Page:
Disclosing Relationships with Influencers on Social Media

By Deborah Kelly, public relations manager, Boiron USA
March 1, 2017

The core mission of the Federal Trade Commission (FTC) is to regulate advertising so businesses won’t mislead consumers or engage in deceptive practices that would affect behavior or decisions about a particular product or service. One area of particular concern and scrutiny is endorsements. Social media is no exception.

Endorsements by celebs, bloggers, influencers and medical professionals in the social space must clearly disclose any kind of financial relationship with brands. The FTC raises the question of whether a consumer’s view of an endorsement would be altered if he or she knew that the endorser was compensated in any way. Most likely yes, so a company has an obligation to ensure that all spokespersons are disclosing any material connection and vice versa.

The FTC is not concerned with “legalese” so there’s no need for a lawyer to draw up a typical disclosure. In the FTC’s eyes, disclosures must be “clear and conspicuous.” The agency suggests to use clear language. Even in video ads, disclosures should use an easy-to-read font and color; utilize a shade that makes it stand out from background; remain on screen long enough to be “noticed, read, and understood.” Additionally audio disclosures should be read at a “cadence that is easy for consumers to follow and in words consumers will understand.”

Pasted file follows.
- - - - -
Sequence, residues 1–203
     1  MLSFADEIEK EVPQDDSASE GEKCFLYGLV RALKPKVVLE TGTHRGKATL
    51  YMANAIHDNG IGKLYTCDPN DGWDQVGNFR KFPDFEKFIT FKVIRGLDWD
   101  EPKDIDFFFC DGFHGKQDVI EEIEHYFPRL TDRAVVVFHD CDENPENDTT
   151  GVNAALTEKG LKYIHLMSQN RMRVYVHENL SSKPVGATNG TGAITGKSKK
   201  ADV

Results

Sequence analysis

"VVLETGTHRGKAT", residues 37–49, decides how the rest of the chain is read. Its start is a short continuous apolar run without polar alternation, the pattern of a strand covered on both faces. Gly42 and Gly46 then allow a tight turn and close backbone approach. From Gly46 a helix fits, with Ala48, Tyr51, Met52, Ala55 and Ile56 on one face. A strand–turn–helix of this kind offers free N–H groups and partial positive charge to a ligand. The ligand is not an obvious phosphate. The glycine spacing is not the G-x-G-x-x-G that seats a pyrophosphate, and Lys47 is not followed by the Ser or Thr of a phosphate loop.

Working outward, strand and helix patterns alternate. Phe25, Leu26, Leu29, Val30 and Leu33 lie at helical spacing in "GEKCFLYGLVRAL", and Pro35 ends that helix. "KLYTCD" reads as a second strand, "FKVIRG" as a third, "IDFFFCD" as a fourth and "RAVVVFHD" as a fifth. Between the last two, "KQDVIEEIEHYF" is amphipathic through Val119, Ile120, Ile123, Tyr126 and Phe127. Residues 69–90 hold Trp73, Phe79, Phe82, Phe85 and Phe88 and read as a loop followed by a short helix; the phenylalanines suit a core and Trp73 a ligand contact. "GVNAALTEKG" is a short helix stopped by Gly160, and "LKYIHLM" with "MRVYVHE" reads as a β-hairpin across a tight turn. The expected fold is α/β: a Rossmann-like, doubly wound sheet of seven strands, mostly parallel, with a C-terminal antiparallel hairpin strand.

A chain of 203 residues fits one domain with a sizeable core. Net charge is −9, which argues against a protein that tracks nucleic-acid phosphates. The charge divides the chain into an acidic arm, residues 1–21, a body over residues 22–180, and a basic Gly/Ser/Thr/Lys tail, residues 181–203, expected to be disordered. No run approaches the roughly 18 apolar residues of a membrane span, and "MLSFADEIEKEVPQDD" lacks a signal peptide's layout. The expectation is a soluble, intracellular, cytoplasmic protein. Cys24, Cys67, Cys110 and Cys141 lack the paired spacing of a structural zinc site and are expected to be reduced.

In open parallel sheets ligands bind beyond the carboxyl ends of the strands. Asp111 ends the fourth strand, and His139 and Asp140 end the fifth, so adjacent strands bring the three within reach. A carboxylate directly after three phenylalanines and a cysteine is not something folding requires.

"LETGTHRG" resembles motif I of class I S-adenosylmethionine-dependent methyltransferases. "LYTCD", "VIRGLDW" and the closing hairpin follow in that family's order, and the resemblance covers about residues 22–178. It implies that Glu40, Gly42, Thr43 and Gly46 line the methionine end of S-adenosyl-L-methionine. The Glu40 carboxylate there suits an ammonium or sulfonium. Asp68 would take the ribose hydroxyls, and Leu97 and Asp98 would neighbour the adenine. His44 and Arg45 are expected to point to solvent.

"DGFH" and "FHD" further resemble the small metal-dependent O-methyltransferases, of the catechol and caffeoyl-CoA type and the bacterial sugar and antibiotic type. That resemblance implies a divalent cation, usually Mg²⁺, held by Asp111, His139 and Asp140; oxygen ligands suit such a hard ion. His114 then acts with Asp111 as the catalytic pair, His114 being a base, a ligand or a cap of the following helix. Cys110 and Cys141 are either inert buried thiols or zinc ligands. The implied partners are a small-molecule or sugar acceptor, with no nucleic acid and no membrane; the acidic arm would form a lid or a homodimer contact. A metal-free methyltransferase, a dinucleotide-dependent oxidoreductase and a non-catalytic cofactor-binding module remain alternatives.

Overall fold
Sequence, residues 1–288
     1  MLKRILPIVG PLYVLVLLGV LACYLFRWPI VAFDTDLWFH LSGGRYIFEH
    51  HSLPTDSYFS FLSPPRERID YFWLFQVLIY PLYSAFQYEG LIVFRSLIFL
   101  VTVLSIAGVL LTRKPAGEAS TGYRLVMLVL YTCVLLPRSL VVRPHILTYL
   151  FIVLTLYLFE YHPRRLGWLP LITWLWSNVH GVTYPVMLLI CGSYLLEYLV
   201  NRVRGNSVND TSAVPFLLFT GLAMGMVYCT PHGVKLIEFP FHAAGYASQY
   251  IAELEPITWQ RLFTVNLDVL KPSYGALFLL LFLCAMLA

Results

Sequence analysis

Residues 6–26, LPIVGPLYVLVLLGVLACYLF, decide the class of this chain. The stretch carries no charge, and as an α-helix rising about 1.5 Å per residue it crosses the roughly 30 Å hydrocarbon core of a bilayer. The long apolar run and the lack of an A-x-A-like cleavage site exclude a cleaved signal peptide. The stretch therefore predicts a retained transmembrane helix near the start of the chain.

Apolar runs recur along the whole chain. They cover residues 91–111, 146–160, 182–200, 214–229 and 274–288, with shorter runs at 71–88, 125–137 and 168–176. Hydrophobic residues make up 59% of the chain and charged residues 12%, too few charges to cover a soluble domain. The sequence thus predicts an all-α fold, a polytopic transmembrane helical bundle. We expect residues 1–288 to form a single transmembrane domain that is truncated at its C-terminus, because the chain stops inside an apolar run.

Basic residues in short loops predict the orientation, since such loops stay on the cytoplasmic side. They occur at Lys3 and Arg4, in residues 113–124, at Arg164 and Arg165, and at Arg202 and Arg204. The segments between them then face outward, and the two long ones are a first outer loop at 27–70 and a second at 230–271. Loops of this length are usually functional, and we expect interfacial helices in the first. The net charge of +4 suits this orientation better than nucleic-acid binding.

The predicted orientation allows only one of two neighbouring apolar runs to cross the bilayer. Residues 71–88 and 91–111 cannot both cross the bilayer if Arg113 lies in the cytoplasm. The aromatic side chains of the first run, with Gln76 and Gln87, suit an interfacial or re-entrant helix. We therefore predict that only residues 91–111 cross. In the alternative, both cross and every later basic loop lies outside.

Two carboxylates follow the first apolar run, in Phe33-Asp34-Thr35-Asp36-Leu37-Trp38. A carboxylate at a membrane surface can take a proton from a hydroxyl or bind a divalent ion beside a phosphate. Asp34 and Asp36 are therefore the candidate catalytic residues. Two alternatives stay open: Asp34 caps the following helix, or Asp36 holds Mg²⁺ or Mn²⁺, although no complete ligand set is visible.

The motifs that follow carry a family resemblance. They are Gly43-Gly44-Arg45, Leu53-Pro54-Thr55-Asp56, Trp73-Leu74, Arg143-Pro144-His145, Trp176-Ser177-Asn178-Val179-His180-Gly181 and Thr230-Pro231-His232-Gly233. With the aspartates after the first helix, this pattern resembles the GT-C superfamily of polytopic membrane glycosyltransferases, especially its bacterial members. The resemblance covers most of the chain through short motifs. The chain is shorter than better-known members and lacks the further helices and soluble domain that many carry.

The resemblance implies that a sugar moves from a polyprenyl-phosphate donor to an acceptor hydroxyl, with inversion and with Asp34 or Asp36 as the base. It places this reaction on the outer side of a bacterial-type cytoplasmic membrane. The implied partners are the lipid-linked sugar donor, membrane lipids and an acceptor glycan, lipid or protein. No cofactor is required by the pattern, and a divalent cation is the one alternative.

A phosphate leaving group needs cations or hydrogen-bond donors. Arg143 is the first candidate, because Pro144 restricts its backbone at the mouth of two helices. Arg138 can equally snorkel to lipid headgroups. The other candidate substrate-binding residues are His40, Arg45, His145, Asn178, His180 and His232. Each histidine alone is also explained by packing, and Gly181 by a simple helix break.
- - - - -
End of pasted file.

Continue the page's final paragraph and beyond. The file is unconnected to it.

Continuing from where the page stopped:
For example, bloggers are required to disclose that there was some form of compensation in exchange for a product review or post on their blog site. Something as simple as “Brand X gave me free product in exchange for my review” or “Brand X has compensated me for this review” meets the guidelines. Furthermore, reviews should always represent the “accurate experience and opinion of the endorser.”

For sponsored videos on YouTube, FTC requires a “Sponsored by Brand X” disclosure to appear clearly in the video description text. It must also be located before the “Read More” drop-down section. A clearly visible disclaimer must also be included in the video itself.

Sponsored Instagram or Twitter posts should also indicate the paid relationship. By adding the hashtag #ad and/or #sponsored and tagging the brand within the post text should be sufficient.

To stay on the right side of the FTC and to learn more about best practices for on-line disclosures, refer to .com Disclosures: How to Make Effective Disclosures in Digital Advertising on ftc.gov.